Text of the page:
February 21, 2016

Cam Girl- Shadowcon Mini-Views

So, in proper college nerd fashion, I've stayed up really late into the night finishing the amazing book Cam Girl by trans writer Elliot Wake (formerly Leah Raeder; that's the name on the cover too), about Vada, an art grad student turned cam girl trying to figure out her complicated relationship with her best friend/friend with benefits Ellis; struggling with a permanently damaged arm; and discovering the allures of camming and meeting a client named Blue, with whom Vada forms quite a close attachment.

There have been few books that I've read that I've considered life-changing after I've read them. This book is one of them! It's amazing! The last third in particular, but the whole thing is just so vivid in its imagery, characters, and especially in its themes that it just sends my heart to pounding and brings a smile to my face! There's a rawness to this, a realism that leaps from the page; it feels genuine because it is genuine, the author nailing all sorts of themes related to sexuality, identity, and so forth, and presenting them and the protagonists' views on them in a respectful way while remaining true to who these people are.

The writing is very visual and razor sharp in its language. It's also very steamy, not censoring itself at all, but all the sex and erotic elements are there to serve a thematic or character-specific purpose and do not exist for their own sake (most of the time), which is a very good thing; it could have easily run away with itself, but there's a remarkable amount of intelligence surrounding all the camming sessions and sex episodes, grounding everything in emotion. The characters are wild in their actions and fierce in their beliefs, and these types of scenes serve to illustrate or bolster that.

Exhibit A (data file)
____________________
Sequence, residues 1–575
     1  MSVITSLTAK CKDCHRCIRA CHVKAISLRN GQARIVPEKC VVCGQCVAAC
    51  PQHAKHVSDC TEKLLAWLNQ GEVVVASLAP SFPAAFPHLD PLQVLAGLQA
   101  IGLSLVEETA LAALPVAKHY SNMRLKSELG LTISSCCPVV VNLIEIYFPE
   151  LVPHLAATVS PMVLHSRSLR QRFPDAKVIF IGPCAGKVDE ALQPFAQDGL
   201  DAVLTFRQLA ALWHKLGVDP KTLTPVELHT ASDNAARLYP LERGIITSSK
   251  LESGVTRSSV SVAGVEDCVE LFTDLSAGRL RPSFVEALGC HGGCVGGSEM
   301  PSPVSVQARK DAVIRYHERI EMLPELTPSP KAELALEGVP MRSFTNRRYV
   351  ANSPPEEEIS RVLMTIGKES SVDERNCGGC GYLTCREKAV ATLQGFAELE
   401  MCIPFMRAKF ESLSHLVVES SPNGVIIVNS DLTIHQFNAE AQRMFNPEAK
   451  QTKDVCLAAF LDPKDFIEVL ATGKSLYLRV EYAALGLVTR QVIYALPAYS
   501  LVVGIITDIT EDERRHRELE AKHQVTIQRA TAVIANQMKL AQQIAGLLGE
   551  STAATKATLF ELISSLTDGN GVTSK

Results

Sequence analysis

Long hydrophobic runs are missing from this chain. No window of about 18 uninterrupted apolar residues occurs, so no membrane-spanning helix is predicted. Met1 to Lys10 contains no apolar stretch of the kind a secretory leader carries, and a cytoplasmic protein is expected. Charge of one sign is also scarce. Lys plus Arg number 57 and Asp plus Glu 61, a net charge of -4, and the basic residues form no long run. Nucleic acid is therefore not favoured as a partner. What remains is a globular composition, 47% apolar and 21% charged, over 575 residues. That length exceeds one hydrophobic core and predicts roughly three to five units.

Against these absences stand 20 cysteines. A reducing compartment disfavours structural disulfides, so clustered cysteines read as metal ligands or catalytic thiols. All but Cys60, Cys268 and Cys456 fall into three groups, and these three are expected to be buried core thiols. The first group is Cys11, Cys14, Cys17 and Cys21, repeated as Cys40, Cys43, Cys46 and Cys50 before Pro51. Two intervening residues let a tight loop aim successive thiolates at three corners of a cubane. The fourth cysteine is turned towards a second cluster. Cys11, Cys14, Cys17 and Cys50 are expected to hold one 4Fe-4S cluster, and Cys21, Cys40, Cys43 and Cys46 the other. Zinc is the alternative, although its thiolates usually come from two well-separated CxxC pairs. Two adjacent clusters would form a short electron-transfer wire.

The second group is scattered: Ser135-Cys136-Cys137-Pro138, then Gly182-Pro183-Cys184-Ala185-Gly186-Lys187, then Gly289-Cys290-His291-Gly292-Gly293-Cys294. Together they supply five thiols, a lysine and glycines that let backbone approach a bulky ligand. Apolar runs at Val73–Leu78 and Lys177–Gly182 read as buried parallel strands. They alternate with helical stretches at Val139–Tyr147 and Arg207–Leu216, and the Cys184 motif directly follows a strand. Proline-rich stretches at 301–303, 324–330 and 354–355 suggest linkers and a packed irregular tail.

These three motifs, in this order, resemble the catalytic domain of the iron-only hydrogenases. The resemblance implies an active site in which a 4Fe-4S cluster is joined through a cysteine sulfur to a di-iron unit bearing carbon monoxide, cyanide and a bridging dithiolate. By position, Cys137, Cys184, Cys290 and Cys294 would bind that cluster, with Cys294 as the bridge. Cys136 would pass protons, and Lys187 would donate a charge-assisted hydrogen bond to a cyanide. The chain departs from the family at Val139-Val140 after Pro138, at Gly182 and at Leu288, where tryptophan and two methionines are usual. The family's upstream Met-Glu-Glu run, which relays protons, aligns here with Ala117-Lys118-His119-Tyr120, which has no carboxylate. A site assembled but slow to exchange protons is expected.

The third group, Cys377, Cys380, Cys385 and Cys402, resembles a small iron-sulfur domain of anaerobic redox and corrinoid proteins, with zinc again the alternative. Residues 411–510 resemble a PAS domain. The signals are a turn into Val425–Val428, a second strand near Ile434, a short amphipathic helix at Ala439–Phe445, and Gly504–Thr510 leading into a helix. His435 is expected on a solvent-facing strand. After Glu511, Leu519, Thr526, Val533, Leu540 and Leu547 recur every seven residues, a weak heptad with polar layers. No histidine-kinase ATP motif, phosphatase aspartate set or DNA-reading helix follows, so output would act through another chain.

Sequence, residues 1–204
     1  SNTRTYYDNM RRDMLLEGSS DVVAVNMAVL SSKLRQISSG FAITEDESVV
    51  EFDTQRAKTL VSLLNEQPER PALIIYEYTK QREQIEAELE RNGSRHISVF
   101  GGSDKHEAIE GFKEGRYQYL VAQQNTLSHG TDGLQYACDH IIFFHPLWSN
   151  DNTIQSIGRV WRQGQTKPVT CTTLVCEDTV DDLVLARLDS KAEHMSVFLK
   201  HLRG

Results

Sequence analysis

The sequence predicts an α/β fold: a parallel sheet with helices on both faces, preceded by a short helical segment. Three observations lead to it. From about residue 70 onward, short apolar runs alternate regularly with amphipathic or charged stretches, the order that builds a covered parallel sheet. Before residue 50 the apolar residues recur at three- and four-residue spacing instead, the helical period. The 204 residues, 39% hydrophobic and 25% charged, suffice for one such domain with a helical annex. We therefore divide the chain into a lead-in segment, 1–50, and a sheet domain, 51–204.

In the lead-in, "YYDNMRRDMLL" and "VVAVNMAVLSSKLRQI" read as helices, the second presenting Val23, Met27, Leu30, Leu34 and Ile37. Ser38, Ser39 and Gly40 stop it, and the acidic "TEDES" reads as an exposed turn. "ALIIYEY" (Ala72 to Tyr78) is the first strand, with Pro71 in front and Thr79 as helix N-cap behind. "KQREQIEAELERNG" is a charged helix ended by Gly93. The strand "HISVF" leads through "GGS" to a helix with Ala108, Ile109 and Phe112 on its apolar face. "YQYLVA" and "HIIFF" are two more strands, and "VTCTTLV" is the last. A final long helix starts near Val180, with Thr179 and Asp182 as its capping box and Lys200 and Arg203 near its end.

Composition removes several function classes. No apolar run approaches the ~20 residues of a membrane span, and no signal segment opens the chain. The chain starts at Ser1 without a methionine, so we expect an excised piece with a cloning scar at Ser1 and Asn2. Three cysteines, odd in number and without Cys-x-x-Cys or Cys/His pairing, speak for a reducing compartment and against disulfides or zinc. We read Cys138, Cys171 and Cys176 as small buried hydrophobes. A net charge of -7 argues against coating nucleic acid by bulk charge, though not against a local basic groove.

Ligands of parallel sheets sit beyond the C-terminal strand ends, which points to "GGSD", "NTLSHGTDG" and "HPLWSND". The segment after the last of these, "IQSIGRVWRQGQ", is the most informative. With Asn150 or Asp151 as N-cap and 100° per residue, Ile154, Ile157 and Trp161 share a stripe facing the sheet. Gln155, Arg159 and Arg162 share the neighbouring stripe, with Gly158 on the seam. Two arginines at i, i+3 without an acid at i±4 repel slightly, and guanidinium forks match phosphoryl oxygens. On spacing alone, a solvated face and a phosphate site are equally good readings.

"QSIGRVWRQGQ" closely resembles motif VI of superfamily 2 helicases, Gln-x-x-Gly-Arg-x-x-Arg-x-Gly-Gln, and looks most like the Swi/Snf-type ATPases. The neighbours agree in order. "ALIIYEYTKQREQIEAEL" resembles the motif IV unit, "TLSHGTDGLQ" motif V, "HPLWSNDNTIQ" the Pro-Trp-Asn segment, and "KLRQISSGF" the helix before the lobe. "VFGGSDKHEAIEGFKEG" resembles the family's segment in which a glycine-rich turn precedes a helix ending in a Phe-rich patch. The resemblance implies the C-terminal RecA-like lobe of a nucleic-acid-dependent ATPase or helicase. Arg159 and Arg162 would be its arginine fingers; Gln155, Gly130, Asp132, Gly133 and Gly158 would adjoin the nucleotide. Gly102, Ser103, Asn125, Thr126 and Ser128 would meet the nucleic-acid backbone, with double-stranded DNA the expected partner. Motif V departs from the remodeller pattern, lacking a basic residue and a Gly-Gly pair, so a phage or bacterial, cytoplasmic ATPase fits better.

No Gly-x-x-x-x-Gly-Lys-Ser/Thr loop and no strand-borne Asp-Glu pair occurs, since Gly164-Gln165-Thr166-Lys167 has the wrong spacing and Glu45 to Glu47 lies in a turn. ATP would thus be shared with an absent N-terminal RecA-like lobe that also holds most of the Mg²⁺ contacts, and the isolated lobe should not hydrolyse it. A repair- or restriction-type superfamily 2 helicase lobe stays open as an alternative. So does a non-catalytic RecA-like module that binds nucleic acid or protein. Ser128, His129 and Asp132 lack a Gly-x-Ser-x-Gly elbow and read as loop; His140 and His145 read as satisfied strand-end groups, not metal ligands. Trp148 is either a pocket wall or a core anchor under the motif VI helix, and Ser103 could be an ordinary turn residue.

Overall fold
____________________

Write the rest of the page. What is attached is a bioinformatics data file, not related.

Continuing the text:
The thematic overtones are of bisexuality, being transgender, female agency in a male-dominated world, grief and personal loss, physical disability, and coming to grips with internalized misogyny and gender/sex-phobias. All of these are tackled and explored really well, certainly more than I thought would be possible in a tight book already teeming with a mystery plot and a perhaps unhealthy romance at its core; these could have easily been dropped in as lip-service, but having the main characters discuss them in relation to themselves as people is stirring to read and made me want to stand up and applaud Mr. Wake for his capturing of the untamed and raw nature of how we as people come to grips with these ideas in radically different ways.

If you have the chance to read this, do so. It is a masterwork, a laser-focussed study in emotion, character, and theme. It has amazing prose, a sharp, unapologetic, and fierce moral center, and a relationship that pulls you in and surrounds you entirely. If you want to feel like you're witnessing a beautiful tapestry being woven with words, read this book! Elliot Wake is a master of his craft, wringing emotion out of his readers and feeding them rich morsels of queer/feminist theory through stirring prose and vivid characters. As the first book I've read by him, I'll say this: Wake is one to keep an eye on. Cam Girl is one of my favorite books of all time, a tale that refreshed my interest in romance and reminded me of the potential thematic and character paths one can take with the genre.

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